Parents urged to keep vaccinations up to date

Parents can ensure children are protected from harmful diseases by taking advantage of school-based immunization clinics underway this fall

Parents can ensure their children are protected from harmful diseases by taking advantage of regular school-based immunization clinics getting underway this fall.

The BC Centre for Disease Control and Immunize BC are urging parents to review their child’s immunization record and keep vaccination schedules up to date.

Many students are now receiving vaccination information and school-based schedules from their school’s public health nurses.

“Vaccines prolong and save lives. Even diseases that we don’t see much anymore still have the potential to cause harm by infecting those who are not fully protected,” said Dr. Monika Naus, medical director, Immunization and Vaccine-Preventable Diseases Service, BCCDC.

“That’s why being fully up-to-date with all of your shots is not only the best way to safeguard yourself, but also helps to protect the entire community.”

Recent reports in British Columbia of measles and pertussis (whooping cough) outbreaks point to the need to focus attention on the importance of vaccinations for all age groups.

Most kids in kindergarten or those starting high school need a booster shot for illnesses such as tetanus, chicken pox and meningitis group C.

The current B.C. immunization schedule is comprised of vaccines that protect against 13 infectious diseases, including diphtheria, whooping cough, tetanus, polio, Haemophilus influenzae b, hepatitis B, meningococcal group C disease, measles, mumps, rubella, and chickenpox.

These vaccines are offered to a variety of age groups in schools but can also be requested at public health units, child health clinics, and physicians’ offices. Children aged five and older may also be immunized by certified pharmacists.

“I encourage all parents to ensure that their children are up-to-date with their vaccines, and to take advantage of the school-based immunizations available,” said Terry Lake, BC Minister of Health.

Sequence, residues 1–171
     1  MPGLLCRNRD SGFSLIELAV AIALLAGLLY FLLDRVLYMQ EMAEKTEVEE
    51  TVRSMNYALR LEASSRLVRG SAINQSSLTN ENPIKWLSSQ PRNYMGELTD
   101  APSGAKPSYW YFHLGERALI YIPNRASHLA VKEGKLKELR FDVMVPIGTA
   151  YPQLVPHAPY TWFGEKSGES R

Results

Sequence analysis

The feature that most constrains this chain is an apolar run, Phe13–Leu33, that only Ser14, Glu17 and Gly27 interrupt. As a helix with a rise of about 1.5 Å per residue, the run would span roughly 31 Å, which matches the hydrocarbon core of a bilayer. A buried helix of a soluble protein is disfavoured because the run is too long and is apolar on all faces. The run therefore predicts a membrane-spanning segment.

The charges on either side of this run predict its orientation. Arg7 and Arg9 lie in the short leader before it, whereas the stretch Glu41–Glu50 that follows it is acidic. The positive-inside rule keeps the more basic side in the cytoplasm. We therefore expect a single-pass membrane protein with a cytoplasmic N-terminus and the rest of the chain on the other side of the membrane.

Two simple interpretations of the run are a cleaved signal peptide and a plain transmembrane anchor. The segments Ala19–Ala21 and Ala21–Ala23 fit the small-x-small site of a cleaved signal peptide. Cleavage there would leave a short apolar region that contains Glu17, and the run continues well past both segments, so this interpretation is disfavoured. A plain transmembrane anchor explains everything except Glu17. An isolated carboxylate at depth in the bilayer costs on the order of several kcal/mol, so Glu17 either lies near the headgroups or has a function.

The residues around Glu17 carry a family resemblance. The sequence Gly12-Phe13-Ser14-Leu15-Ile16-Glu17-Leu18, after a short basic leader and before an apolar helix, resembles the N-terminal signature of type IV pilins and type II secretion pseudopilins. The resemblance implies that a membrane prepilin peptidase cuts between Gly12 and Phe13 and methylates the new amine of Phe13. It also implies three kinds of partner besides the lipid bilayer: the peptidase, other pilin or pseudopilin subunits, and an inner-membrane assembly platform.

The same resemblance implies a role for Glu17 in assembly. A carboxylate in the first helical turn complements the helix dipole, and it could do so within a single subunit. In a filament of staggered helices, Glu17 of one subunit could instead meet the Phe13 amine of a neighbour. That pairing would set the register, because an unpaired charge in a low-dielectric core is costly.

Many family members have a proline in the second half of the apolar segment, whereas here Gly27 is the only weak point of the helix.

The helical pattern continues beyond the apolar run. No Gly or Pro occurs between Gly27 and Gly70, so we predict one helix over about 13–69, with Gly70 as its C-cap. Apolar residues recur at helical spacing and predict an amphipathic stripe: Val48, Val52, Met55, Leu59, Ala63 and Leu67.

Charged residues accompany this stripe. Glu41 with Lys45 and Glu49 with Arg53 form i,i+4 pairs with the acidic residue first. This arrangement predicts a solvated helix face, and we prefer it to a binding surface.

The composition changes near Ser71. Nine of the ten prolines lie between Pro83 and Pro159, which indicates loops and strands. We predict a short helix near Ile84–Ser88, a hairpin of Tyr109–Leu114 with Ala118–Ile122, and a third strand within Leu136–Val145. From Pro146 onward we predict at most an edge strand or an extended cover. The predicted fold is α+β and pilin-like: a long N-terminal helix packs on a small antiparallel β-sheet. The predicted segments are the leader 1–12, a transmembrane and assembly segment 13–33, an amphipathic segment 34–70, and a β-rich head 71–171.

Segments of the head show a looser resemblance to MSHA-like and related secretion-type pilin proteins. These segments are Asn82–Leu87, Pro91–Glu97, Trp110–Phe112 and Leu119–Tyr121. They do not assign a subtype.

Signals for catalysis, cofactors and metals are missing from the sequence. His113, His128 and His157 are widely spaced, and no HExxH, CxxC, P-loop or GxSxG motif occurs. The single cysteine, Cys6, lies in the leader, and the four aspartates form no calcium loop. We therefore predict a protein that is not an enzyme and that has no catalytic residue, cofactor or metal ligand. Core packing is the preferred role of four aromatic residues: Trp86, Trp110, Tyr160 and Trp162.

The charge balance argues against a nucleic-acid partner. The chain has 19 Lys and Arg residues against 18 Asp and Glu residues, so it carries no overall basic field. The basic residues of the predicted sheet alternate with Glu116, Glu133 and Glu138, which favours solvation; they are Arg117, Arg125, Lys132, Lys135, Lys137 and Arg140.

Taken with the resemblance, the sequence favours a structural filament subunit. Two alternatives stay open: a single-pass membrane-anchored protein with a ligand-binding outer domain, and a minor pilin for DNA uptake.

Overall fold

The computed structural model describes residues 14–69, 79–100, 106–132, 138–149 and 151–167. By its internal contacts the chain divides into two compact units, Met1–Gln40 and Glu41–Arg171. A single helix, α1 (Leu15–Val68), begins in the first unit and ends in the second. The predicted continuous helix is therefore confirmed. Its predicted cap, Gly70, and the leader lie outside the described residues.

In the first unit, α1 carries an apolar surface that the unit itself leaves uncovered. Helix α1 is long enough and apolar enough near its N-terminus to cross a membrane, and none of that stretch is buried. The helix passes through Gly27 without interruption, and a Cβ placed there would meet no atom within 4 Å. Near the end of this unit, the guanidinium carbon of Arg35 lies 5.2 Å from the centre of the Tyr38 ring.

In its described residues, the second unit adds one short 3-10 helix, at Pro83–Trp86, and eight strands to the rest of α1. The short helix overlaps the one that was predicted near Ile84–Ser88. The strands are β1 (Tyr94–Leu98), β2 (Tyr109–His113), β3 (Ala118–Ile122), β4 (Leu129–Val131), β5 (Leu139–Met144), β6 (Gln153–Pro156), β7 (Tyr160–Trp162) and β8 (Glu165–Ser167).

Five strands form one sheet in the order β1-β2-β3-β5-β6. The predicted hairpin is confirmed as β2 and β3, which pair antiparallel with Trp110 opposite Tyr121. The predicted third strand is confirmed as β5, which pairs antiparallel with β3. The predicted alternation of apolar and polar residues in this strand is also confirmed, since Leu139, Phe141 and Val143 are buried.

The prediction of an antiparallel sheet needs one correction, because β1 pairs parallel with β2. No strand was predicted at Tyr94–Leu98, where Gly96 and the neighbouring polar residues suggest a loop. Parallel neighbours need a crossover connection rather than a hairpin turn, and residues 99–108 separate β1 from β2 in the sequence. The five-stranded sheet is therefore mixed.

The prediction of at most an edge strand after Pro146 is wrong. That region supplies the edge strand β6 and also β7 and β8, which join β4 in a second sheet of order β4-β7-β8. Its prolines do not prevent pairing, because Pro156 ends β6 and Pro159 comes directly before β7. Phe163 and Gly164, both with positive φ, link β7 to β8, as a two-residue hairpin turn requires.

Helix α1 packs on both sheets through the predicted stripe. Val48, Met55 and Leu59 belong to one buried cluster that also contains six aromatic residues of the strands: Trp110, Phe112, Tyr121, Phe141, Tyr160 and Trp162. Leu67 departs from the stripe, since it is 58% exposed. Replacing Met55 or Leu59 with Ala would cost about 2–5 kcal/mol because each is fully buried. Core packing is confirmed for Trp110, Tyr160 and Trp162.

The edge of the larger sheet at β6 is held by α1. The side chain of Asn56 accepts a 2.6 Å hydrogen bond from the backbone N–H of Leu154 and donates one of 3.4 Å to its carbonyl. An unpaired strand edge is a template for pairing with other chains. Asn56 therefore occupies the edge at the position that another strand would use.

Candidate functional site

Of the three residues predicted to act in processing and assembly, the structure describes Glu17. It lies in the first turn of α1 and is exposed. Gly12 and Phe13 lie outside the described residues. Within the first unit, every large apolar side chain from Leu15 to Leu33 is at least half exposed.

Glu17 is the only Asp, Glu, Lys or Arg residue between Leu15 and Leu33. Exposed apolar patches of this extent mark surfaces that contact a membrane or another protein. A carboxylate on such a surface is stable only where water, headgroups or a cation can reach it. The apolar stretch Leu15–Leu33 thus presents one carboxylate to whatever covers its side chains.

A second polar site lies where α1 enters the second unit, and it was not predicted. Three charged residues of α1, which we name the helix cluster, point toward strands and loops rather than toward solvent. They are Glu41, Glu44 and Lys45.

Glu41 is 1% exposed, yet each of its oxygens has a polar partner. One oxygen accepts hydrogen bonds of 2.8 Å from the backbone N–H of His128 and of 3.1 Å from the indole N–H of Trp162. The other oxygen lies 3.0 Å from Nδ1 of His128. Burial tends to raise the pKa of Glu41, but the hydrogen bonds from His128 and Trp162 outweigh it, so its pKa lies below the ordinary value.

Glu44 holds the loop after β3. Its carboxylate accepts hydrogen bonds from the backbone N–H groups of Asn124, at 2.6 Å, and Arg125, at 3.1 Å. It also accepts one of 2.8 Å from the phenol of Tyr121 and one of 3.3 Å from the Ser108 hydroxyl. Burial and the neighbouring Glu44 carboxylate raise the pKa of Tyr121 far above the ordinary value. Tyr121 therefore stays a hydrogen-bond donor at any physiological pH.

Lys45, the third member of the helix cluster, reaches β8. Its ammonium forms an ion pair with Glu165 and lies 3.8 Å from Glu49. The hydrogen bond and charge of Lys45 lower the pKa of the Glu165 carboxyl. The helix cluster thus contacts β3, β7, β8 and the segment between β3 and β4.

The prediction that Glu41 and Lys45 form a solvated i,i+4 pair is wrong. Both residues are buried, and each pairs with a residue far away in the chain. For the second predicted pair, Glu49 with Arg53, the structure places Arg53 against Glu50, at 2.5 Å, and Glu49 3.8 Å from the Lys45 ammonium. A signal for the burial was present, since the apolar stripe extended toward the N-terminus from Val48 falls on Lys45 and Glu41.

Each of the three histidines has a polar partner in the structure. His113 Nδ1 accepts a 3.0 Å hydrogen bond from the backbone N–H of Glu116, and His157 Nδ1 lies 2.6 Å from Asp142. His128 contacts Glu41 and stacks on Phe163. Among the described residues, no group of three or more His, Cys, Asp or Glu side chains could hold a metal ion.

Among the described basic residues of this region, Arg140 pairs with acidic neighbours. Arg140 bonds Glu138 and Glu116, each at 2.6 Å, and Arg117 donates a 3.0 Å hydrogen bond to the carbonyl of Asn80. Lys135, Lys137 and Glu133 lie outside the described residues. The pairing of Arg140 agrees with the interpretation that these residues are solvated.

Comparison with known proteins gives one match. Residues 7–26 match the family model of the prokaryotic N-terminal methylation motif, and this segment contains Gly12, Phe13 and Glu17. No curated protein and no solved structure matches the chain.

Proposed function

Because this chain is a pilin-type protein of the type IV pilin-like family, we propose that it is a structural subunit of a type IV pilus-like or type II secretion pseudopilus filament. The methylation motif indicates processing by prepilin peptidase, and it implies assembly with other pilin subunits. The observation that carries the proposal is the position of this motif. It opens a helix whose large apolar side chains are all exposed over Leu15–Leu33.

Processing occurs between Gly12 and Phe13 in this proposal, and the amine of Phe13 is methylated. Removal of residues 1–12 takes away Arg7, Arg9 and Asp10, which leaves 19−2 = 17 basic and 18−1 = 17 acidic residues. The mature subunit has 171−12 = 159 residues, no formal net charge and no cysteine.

For more information on immunization programs in British Columbia, go online to:


n Immunization coverage rates have remained relatively constant in B.C.  However, about one-third of B.C. children are not completely up-to-date for all their routine infant and toddler immunizations by the time they turn two years of age.

n In B.C., school-aged children are offered immunizations in Grade 6 and in Grade 9. These immunizations are offered at school during clinics administered by public health nurses. Most regions of the province give school entry booster doses to children outside of school settings where they can be accompanied by their parent or guardian. In Vancouver Coastal, these clinics are also offered in the school setting.

n The following vaccines are routinely offered to all students in Grade 6:

– Hepatitis B vaccine (children who have had three doses of hepatitis B vaccine when they were infants or before entering Grade 6 do not need the vaccine)

– Meningococcal C vaccine (children who have had a meningococcal C containing vaccine at 10 years of age or older do not need the vaccine)

– Chickenpox vaccine (children who have had two doses of chickenpox vaccine or chickenpox disease or shingles after one year of age do not need the vaccine)

– Human papillomavirus (HPV) vaccine (offered to female students only, with two doses given in Grade 6 and a third dose in Grade 9)

– The following vaccines are routinely offered to all students in Grade 9:

– Tetanus, diphtheria, pertussis (Tdap) vaccine

– Human papillomavirus (HPV) vaccine (offered to female students only, with the third dose routinely given in Grade 9)